Isaac Likekele took the in-bound pass, drove the length of the court and dodged a defender before laying the ball in with his left hand with four seconds left in the game.
That play punctuated Oklahoma State 's rally past Iowa State, 72-71, in front of a sold-out crowd in Kansas City in a Big 12 Tournament opener.
One year ago.
The World Health Organization classified COVID-19 as a pandemic earlier that day and soon OSU's sports seasons were classified as over. Finished. Complete, at least for the spring and summer.
The first domino
Far from Kansas City, inside Chesapeake Energy Arena the same day, the Thunder and Jazz were ready for tip-off on March 11, 2020.
The fans in attendance, expecting spectacular theatre, raw emotion and an escape from “real-world” problems, were soon told none of that would happen.
Instead, the COVID19 story came to Oklahoma City, sending shock waves throughout the United States. The virus didn’t infect its first person or take its first life that night, since it had been looming around for almost four months.
It wasn’t even real for many Americans. Until that night.
Thirty-seven minutes after the game was supposed to begin, more than 18-thousand fans were asked to orderly evacuate the building. Each one of them must’ve known it was COVID-related, many fearing they had been exposed to the virus.
Utah's Rudy Gobert was revealed to be the NBA’s first positive case and the league responded by postponing its season.
The first domino had fallen.
Former OSU guard Lindy Waters III woke up the next morning hoping his basketball career would survive the day and the Cowboys would take on Kansas, as scheduled.
He wanted to go out the right way, either with a trophy in his hand or giving all he had left in a loss to a better team. Instead, his season ended the night before, with the remainder of the Big 12 Tournament canceled.
“I knew it was a possibility with the NBA suspending their season,” Waters said. “It was just something very difficult to wrap my head around.”
The Big Ten canceled its tournament at 11:45 a.m, and it took less than 60 minutes for the other Power 5 conferences to do the same.
The last college basketball game of the season was between St. John’s and Creighton in the Big East Tournament. The teams went into the locker rooms for halftime and never returned.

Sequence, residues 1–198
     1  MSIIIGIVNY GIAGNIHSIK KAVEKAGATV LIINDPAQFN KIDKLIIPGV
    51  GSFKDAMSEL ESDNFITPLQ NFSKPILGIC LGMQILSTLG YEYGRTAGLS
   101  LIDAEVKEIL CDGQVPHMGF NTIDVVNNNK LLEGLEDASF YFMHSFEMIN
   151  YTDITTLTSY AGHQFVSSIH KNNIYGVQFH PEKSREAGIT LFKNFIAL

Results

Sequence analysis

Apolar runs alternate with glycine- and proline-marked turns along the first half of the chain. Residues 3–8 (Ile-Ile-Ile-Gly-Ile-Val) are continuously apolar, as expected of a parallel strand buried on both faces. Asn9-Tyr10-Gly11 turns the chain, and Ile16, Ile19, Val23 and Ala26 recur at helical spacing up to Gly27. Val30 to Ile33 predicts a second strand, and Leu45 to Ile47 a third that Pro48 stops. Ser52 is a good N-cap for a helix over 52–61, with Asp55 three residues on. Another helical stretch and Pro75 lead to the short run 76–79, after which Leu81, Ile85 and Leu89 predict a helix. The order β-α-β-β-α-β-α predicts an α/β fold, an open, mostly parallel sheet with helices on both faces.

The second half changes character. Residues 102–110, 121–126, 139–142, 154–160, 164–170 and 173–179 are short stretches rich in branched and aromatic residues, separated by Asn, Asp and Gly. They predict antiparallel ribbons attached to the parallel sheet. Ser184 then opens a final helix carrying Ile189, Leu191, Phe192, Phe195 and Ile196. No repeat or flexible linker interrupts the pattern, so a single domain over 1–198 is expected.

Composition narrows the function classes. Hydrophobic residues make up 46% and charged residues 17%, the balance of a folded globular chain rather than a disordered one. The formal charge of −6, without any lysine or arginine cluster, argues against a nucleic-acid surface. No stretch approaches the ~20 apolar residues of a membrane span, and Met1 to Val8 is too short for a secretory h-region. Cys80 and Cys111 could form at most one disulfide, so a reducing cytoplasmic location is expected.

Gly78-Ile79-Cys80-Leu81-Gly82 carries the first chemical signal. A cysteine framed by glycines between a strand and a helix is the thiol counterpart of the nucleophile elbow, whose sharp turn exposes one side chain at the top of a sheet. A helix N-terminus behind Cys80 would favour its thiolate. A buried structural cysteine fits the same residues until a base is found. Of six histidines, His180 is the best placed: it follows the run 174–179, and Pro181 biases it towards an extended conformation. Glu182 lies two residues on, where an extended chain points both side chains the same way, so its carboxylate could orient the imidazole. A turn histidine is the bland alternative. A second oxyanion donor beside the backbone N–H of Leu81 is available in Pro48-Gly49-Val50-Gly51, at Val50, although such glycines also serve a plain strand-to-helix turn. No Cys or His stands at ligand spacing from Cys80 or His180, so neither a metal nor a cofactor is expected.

The NCAA canceled all remaining sports later that afternoon, most notably its moneymaker, March Madness. There would be no unforgettable moments, Cinderella stories or heart-stopping buzzer beaters.
What actually matters
Baseball quickly became something it never had been for coach Josh Holliday ― secondary.
The U.S. alone has lost over half a million lives to this virus, easily the highest death toll in the world. It has affected every human whether they’ve been infected or not, almost 50 million Americans filed for unemployment by midsummer.
And when COVID took baseball away, it reminded Holliday that the things that actually matter don’t involve a ball and a bat.
“A lot of people went through some really tough times in the last year as a result of this pandemic,” Holliday said. “To just not be able to play baseball is very, very small in comparison to those who have fought and suffered.”
A return to ‘normal’
Softball coach Kenny Gajewski couldn’t wait for his athletes to come back in the fall.
The Cowgirls had dominated their opponents, winning 12 consecutive games before the season ended.
“I was so happy when we got back,” Gajewski said. “The band was together, but they were a mess. They were not what we left.”
Once Gajewski saw that, he went to the team leaders and asked why they weren’t the same.
“They said, ‘You just don’t know how hard it’s been,'” Gajewski said. “And I don’t as a 20-year-old kid. I started to pick these kids off one at a time and figure out what they needed. I’m not a very good softball coach. I’m a better people person.”
This season, the Cowgirls are 18-1 and their chemistry issues are behind them.
Similarly, every athletic program at OSU has flourished this year.
“I don’t know that anybody has handled the pandemic any better than what we’ve done here,” Gajewski said. “It’s a model of success.”